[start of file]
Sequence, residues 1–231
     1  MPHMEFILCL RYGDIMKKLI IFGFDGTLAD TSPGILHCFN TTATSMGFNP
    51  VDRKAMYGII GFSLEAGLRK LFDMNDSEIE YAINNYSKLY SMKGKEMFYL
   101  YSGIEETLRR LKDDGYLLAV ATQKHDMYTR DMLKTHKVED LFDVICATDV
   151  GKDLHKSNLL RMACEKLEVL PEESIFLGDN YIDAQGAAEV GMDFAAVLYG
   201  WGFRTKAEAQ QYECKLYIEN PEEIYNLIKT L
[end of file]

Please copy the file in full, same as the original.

Sequence, residues 1–231
     1  MPHMEFILCL RYGDIMKKLI IFGFDGTLAD TSPGILHCFN TTATSMGFNP
    51  VDRKAMYGII GFSLEAGLRK LFDMNDSEIE YAINNYSKLY SMKGKEMFYL
   101  YSGIEETLRR LKDDGYLLAV ATQKHDMYTR DMLKTHKVED LFDVICATDV
   151  GKDLHKSNLL RMACEKLEVL PEESIFLGDN YIDAQGAAEV GMDFAAVLYG
   201  WGFRTKAEAQ QYECKLYIEN PEEIYNLIKT L